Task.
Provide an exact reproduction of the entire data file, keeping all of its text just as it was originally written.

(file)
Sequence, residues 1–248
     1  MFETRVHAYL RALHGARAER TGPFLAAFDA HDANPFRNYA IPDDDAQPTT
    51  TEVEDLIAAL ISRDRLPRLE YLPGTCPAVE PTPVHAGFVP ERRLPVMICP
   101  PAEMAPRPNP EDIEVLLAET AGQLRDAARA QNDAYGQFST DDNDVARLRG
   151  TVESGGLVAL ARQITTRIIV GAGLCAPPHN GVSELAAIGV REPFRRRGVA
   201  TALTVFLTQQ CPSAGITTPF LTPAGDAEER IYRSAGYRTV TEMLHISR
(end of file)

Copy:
Sequence, residues 1–248
     1  MFETRVHAYL RALHGARAER TGPFLAAFDA HDANPFRNYA IPDDDAQPTT
    51  TEVEDLIAAL ISRDRLPRLE YLPGTCPAVE PTPVHAGFVP ERRLPVMICP
   101  PAEMAPRPNP EDIEVLLAET AGQLRDAARA QNDAYGQFST DDNDVARLRG
   151  TVESGGLVAL ARQITTRIIV GAGLCAPPHN GVSELAAIGV REPFRRRGVA
   201  TALTVFLTQQ CPSAGITTPF LTPAGDAEER IYRSAGYRTV TEMLHISR